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I love the idea of Thanksgiving. I love that for just this day, our thoughts are centered on our blessings, instead of what we’re missing. Even when you don’t count the amazing comfort food, just the idea is awe-inspiring. I love that when Aidan gave our blessing, it was full of thanks. Thanks for our home, our food, our family, their teachers, and our friends. This uncoached piece of heaven came from my five year-old’s lips with only one plea: safety for our missing family, Jason and Layla. No, they haven’t quite understood yet that Layla is probably not coming home.

My heart swelled and my eyes pricked, first because Aidan’s prayer was far more consumed with his gratitude than his wants. Second, because his wishes echoed the heart of everyone around the table. I am thankful for my children.

This was the first year I have made my own turkey and carved it. Thanks to Chase’s strep throat, the boys and I flew solo. On “normal” years, whatever our new normal is, I cook all the sides, and Jason fries the turkey. I enjoy the distribution of labor, and it keeps my oven clear. He’s also very proud of his frying skills. =) So this year, I fussed with the meat thermometer, I prepped all the sides, and I hacked the turkey to death in what can only be called a child-like attempt to carve a turkey. But it worked, and our little Thanksgiving was a success.

So when I think about what I’m thankful for, I could list on and on. As hard as it gets some times, and as close as I come to resigning my post as Household 6, I have too many blessings to count.

But today, I am thankful most for the ache.

There is an ache in my heart that at times threatens my thoughts, my actions, and my sanity. As melodramatic as that might sound, there’s simply no other way to put my feelings when Jason is deployed. I miss him with an intensity that is unexplainable to anyone else but a military spouse. Every minute of every day, I am distracted by questions of what he’s doing, if he’s safe, if he’ll really make it home to me. There are a thousand funny moments with the kids that I can’t share with him. But on this Thanksgiving, I am so thankful for that ache. That ache keeps me connected to Jason in a way that no letters, or phone calls can. That ache keeps me running for the phone, sitting by the computer, and planning our trips for when he returns. This gnawing ache is a constant reminder of how lucky I am to love someone so much that I feel this way when he’s gone. Of all the blessings in my life, this ache is a constant reminder of my biggest blessing: Jason.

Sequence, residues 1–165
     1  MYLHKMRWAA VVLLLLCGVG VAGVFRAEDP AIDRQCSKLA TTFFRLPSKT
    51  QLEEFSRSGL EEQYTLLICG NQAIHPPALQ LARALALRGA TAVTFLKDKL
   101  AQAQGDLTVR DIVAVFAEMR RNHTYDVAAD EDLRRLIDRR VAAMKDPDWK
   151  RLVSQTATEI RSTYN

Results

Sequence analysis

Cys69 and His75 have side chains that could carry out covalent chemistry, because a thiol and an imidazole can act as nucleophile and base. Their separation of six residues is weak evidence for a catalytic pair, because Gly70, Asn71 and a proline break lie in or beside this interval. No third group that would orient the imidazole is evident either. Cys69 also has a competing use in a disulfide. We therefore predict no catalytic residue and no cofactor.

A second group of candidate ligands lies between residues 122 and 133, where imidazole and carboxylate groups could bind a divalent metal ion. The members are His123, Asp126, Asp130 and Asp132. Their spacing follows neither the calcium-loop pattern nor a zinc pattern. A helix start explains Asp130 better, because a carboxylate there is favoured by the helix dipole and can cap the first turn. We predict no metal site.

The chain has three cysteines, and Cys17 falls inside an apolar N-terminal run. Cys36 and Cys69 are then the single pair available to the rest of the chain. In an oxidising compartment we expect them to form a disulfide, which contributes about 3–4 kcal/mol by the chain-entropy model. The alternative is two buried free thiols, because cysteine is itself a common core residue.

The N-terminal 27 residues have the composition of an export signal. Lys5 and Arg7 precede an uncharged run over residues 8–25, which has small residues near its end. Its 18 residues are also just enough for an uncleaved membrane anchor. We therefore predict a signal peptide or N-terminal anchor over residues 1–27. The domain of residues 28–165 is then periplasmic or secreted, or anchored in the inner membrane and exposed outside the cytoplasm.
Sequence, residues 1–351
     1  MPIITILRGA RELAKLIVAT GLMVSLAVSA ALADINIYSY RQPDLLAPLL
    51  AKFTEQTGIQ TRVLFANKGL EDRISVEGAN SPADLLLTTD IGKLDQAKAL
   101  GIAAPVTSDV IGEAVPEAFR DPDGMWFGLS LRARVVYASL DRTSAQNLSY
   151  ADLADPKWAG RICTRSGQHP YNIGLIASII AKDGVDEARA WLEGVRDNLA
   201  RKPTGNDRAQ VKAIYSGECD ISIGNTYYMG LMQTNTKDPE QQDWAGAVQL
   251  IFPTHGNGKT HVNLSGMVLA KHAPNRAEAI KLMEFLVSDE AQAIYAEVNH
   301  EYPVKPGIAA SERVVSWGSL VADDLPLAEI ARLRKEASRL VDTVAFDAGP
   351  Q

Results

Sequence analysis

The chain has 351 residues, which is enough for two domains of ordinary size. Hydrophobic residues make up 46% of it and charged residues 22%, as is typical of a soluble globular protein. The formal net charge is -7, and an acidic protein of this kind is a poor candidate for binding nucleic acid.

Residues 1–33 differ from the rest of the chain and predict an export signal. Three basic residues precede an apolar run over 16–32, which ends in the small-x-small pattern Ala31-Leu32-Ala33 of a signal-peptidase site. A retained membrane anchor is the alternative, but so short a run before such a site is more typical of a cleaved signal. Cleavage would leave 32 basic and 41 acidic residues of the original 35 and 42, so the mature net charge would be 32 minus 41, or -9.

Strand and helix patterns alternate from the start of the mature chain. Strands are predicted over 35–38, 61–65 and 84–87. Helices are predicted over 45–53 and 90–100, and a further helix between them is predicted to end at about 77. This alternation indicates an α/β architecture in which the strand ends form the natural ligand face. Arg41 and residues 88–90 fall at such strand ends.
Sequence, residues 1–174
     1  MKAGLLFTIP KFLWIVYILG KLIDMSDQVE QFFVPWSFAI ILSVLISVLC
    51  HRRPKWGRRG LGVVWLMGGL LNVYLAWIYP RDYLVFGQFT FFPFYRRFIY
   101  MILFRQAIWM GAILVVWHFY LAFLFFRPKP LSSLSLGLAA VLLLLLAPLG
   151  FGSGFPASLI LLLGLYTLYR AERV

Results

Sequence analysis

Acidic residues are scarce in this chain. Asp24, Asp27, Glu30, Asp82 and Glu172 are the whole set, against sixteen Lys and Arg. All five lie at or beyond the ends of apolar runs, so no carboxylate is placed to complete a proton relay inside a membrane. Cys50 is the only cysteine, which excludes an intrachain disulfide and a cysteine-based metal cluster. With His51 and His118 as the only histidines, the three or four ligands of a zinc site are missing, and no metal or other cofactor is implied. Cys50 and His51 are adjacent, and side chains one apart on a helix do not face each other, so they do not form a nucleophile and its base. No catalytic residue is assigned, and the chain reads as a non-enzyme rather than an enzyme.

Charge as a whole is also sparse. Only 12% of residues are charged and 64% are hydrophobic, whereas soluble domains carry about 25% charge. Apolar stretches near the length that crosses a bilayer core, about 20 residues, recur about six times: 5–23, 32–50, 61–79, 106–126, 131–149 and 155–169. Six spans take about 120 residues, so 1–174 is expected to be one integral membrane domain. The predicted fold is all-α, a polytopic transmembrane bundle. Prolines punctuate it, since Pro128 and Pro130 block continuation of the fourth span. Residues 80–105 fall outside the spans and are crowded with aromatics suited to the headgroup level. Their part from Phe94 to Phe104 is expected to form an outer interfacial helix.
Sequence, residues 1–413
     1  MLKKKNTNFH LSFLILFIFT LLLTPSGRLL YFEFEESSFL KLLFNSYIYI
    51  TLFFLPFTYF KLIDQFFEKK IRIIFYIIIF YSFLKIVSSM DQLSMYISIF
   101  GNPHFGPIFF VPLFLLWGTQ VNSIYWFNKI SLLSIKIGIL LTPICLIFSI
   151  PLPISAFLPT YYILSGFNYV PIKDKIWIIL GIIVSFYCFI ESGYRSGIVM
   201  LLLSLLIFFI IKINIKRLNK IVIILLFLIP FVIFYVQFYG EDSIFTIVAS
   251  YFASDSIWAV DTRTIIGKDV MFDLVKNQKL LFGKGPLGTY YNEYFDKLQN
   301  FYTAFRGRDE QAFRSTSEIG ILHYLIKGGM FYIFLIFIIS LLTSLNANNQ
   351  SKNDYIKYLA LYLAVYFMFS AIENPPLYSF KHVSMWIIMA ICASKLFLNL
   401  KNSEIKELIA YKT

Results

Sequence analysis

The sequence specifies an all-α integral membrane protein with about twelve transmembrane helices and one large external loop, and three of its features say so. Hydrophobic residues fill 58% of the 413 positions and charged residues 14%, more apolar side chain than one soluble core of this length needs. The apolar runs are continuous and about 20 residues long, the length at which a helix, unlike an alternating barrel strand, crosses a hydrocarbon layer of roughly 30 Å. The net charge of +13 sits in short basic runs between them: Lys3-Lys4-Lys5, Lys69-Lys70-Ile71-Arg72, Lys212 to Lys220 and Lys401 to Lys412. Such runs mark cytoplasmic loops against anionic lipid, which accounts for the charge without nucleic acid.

Without Jason there would be none of my boys. Without Jason, I wouldn’t have someone who loves me unconditionally. Without Jason, there would be no crazy, hectic life. Sure, without Jason there would be no heartbreaking months of fear and doubt, but there would also be no rush of uncontainable joy when I finally get my arms around him. Yes, he is the biggest gift God has ever given to me.

So for this Thanksgiving, we’re thousands of miles apart on different continents, but this ache keeps him here with me while I do a hack-job on the turkey. Don’t worry baby, next year I’ll gladly hand you back the carving knife. Next year, this ache will be gone, but I’ll still be just as thankful for you.

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